RIM, it seems, has developed a bit of iPhone envy … maybe more than a bit. And who could blame them? Apple has revolutionized the consumer smartphone industry with its flashy iPhone and is enjoying record profits, increasing market share and glowing reviews from the fawning technorati. Other industry players have been quick to play catch-up, deploying many feel-alike features into their own offerings — and RIM, it seems, has finally begun to take notice.

It started with the release of the BlackBerry Storm in late 2008, RIM’s half-baked entry into the touch screen market. When Apple proved it could effectively cultivate a strong, profitable application development ecology through its iron-grip control over the iPhone App Store, RIM (eventually) debuted App World. And now, several weeks after rumors of Apple’s plans to include a front-facing camera in future iPhones began to surface, comes news that as early as next year, new BlackBerry models may include this feature. Details at this point are of course sketchy, and the “unnamed RIM executive” offered no proof that RIM intends to develop such a camera. A reluctance to provide more detail is not all that surprising in an industry where manufacturers prefer to spin buzzwords and pie-in-the-sky functionality to true spec sheets. I’m not concerned by what specific features will or won’t be available on whichever devices. Yes, I’m as interested as the next smartphone geek to see how they choose to implement this feature. Will it come at the expense of the “rear-facing” camera? Will existing carrier networks be able to handle the inevitable tidal wave of video-conferencing bandwidth drain? Will AT&T even allow Apple to offer such a luxury? All of these questions and more will no doubt be answered in due time. (Personally, I’m thinking, what better way for Jobs to make his triumphant return to WWDC than with the announcement of this much-requested feature?)

No, my real concern here is for RIM and its apparent contentment to sit back and let Apple determine RIM’s future course. A few years back — a lifetime in this industry — RIM found itself in the unique position as the de facto standard after Palm, for all intents and purposes, collapsed and disappeared from the market it pioneered. It didn’t take the little company from Canada long to entrench itself in the lucrative business smartphone market, snapping up major contracts with players as big as the US government itself left and right. Satisfied to leave the consumer market to Nokia, Microsoft and the others, RIM quickly set itself on “cruise control” and has been coasting ever since. BlackBerry software updates — even major revisions — have included only incremental improvements and bug fixes (witness early OS 5.0 leaks, nearly identical to 4.7 and 4.6 and…). Other than the Storm, which RIM obviously had no idea what to do with, BlackBerries really haven’t changed in a long, long time. You still get the same small screen above a physical keyboard in a cookie-cutter form factor with the new Tour that came with the first Curve models back in 2007.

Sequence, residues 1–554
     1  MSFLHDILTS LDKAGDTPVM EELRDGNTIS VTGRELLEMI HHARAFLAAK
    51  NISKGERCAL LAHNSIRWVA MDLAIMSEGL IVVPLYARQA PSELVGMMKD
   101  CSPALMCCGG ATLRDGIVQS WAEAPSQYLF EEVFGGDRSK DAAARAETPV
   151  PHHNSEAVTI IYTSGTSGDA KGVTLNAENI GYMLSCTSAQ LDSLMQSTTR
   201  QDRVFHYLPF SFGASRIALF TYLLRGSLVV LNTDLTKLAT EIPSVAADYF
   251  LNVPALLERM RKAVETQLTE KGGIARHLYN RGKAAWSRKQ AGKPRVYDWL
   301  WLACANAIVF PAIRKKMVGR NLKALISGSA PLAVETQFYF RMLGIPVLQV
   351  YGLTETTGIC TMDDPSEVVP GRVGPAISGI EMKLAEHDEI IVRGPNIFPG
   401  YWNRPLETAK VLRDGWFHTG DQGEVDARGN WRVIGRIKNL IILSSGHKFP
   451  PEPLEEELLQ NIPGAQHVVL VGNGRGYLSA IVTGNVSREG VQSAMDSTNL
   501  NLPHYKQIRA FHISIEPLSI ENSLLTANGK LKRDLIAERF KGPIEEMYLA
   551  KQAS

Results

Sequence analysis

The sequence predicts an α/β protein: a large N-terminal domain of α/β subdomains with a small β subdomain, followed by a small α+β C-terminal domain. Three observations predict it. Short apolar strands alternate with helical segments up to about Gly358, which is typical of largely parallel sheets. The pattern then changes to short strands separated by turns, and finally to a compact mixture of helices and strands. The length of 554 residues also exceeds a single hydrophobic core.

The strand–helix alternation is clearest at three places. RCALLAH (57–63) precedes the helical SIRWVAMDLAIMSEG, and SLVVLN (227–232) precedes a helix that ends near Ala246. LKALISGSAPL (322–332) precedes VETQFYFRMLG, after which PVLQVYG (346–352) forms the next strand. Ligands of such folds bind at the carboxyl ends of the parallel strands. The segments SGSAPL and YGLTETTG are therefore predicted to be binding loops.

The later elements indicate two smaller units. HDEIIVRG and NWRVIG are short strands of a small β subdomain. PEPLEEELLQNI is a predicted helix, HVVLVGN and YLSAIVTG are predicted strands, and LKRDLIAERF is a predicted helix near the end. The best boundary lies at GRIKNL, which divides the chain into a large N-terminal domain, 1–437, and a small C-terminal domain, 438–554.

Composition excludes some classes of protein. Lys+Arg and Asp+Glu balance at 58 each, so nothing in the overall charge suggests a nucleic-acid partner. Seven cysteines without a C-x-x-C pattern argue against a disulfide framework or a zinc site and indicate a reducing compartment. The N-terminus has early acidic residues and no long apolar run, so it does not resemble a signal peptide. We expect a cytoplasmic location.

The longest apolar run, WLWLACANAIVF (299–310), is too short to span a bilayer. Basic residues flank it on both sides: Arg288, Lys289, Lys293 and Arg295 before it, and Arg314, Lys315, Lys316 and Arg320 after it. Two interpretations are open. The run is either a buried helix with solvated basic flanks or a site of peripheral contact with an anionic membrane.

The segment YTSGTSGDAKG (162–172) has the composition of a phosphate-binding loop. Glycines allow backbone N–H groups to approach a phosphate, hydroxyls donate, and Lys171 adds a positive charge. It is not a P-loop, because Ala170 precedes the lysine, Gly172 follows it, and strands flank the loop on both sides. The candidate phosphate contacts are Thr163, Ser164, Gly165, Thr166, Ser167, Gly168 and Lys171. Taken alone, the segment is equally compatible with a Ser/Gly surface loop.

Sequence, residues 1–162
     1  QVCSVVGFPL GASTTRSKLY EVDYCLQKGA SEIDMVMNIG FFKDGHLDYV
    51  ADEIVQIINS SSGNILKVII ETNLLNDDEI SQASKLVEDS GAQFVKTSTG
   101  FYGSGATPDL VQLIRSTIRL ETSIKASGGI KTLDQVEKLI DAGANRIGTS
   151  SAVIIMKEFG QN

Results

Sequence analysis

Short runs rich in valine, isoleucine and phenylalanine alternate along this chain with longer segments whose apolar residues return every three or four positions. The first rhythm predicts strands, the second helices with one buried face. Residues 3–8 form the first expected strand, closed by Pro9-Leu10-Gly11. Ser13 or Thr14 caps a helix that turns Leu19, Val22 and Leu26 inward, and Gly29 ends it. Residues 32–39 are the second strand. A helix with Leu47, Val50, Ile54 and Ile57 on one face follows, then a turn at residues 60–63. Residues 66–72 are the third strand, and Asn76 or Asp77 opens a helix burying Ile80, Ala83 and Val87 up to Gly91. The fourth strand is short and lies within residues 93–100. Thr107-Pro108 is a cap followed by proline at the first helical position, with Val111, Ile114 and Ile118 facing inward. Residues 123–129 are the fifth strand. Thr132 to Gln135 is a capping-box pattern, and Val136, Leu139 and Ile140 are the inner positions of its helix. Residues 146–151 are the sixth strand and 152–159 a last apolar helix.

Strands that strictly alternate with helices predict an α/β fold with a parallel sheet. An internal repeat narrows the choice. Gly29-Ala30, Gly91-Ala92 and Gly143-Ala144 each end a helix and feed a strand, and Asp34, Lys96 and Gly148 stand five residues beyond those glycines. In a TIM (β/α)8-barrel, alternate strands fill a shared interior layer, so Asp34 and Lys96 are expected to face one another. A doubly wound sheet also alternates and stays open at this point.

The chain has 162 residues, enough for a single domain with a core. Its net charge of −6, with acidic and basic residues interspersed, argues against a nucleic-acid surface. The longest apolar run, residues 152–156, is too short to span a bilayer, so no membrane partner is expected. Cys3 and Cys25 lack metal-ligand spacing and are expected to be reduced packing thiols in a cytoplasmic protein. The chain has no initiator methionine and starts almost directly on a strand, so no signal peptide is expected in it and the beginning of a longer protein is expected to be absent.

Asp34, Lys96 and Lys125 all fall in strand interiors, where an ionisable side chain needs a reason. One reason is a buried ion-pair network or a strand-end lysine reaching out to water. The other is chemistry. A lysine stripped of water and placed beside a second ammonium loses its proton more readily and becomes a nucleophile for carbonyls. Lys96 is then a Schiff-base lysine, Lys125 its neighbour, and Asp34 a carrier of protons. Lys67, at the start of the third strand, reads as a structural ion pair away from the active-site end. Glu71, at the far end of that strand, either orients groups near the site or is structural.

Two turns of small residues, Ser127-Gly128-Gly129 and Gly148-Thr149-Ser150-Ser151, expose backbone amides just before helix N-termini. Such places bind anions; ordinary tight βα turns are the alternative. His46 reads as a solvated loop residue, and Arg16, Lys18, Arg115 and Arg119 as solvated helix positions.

And why not? For RIM, like Palm and Microsoft before them, there was no reason to innovate. They were in control of their own destiny. And even when Apple shook the industry to its core with the introduction of its first iPhone, there still wasn’t much to worry about. Sure, Apple fanboys and starry-eyed New York Times technobloggers flocked to it — but that was just the “Cult of Mac” effect making itself visible in a new marketplace. The phone had numerous problems and bizarre shortcomings (no copy and paste!). So RIM, while taking perhaps a bit of momentary notice, has continued on its happy way, oblivious. Besides, Apple has never been able to make any real headway into RIM’s core business, the enterprise smartphone.

As the consumer end of the spectrum has exploded and is reaching critical mass in the overall cell phone industry, RIM has finally awoken to find itself playing catch up to Apple. The Storm, and its botched OS updates, the very mediocre App World, and now this latest all point to a company that no longer understands the market it once dominated. Meanwhile, Apple has listened to its critics and customers, rolling out those magical, missing features and fixing bugs while adding processing power and improving the all-important “User Experience”.

Which leads to the real question: how much longer can RIM sit back and follow Apple’s lead and still expect to maintain market share? My guess? About a month after Apple ends AT&T’s exclusivity deal and other carriers are able to offer true innovation to their customers.

Mike Maginnis lives in Colorado, where he works for the US Fish & Wildlife Service. He spends his spare time feeding his vintage computing and photography addictions, the former of which is evidenced by his Web site, The Computist Project.

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